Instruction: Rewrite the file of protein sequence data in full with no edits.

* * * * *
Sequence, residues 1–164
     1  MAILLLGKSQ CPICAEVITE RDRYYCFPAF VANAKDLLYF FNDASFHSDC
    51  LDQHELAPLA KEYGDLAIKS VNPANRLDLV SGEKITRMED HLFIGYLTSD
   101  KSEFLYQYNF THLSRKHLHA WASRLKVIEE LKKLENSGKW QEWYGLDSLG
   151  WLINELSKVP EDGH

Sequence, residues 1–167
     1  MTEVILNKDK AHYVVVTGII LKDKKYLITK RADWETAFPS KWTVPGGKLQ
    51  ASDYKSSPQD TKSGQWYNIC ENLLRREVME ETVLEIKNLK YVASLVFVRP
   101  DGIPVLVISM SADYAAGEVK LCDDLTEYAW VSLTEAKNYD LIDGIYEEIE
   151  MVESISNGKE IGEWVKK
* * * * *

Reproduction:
Sequence, residues 1–164
     1  MAILLLGKSQ CPICAEVITE RDRYYCFPAF VANAKDLLYF FNDASFHSDC
    51  LDQHELAPLA KEYGDLAIKS VNPANRLDLV SGEKITRMED HLFIGYLTSD
   101  KSEFLYQYNF THLSRKHLHA WASRLKVIEE LKKLENSGKW QEWYGLDSLG
   151  WLINELSKVP EDGH

Sequence, residues 1–167
     1  MTEVILNKDK AHYVVVTGII LKDKKYLITK RADWETAFPS KWTVPGGKLQ
    51  ASDYKSSPQD TKSGQWYNIC ENLLRREVME ETVLEIKNLK YVASLVFVRP
   101  DGIPVLVISM SADYAAGEVK LCDDLTEYAW VSLTEAKNYD LIDGIYEEIE
   151  MVESISNGKE IGEWVKK